• Steelers defense turns up pressure by turning back the clock-PITTSBURGH (AP) — Joe Haden understands how it looks. Spend an afternoon keeping the NFL’s leading wide receiver in check and you’re bound to get all the credit.

    Yet the veteran Pittsburgh Steelers cornerback understands he didn’t exactly shut down Atlanta’s Julio Jones during a dominant 41-17 win on Sunday all by himself.

    The Steelers sometimes had two — and on occasion three — bodies around Jones. And a resurgent pass rush forced Falcons quarterback Matt Ryan to spend a significant portion of the afternoon under heavy duress.

    “They weren’t running,” Haden said. “The D-line controlled things. They controlled the front and then they got the sacks. That’s helping me out too big time. I just love when the D-line is able to get that type of pressure.”

    So do the rest of the Steelers (2-2-1), who for the first time this season looked like the group that led the NFL and set a franchise record with 57 sacks in 2017. T.J. Watt took down Ryan three times.

    Defensive tackle Cam Heyward picked up a sack and split another with linebacker Jon Bostic. Even reserve linebacker L.J. Fort got in on things, collecting the third sack of his six-year career and later falling on Ryan’s fumble in the end zone to put the finishing touches on Pittsburgh’s most complete performance of the year.

    Though Heyward downplayed the idea his team was desperate, he admitted there was a sense of urgency after the Steelers spent the first month of the season getting pushed around.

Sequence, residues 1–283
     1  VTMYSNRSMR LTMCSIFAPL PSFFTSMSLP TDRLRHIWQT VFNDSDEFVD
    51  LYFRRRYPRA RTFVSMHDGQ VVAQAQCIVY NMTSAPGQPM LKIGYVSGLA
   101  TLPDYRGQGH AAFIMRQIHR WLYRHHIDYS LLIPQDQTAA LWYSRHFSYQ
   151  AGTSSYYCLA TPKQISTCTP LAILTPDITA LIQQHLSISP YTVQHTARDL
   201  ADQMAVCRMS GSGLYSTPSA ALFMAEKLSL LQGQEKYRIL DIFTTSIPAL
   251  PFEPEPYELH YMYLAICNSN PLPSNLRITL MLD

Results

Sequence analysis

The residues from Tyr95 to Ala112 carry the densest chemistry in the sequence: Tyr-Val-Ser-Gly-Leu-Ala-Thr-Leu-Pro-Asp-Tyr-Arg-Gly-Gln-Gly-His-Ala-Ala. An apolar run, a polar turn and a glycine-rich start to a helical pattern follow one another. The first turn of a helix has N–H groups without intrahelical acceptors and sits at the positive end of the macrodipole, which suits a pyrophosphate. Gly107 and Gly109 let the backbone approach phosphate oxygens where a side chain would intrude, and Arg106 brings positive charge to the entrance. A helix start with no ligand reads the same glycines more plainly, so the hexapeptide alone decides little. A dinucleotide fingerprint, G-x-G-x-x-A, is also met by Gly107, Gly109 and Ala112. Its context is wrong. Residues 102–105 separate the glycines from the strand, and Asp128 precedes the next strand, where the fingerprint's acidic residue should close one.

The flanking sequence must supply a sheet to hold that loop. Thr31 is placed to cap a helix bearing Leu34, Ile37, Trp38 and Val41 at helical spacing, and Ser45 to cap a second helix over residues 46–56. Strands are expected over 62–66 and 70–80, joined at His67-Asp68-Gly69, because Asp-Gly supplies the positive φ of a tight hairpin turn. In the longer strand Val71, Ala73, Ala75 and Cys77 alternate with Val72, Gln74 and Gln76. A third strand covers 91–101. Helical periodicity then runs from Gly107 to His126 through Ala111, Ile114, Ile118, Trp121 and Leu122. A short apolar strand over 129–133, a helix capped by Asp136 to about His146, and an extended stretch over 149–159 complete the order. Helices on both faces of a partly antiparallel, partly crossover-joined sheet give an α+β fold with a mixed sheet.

The Steelers walked onto the steamy Heinz Field turf ranked 30th in total defense. Facing the high-powered Falcons, Pittsburgh responded by restoring a bit of normalcy by getting back to basics. They blitzed from all over. They disguised their coverages and then turned to Haden to put the clamps on Jones.

    The idea to have Haden shadow Jones came from coach Mike Tomlin, who broached the subject of having Haden follow Jones all over the field during the week. Haden welcomed the assignment, galvanized by the opportunity to take on one of the best in the business.

    “He can do everything,” Haden said. “He’s big. Physical. Strong. He can catch. Vertical. Everything.”

    At least until the first three quarters on Sunday, when Jones did nothing. Four times Ryan looked Jones’ way over the first 45 minutes.

    Each time the play ended the same way: with the pass falling incomplete.

    By the time Jones finally did break through early in the fourth quarter, the Steelers were already up 17 and the game was effectively over.

    “They had a good game plan for me today,” Jones said.

    One Pittsburgh might want to repeat going forward. The Steelers travel to AFC North-leading Cincinnati (4-1) next week.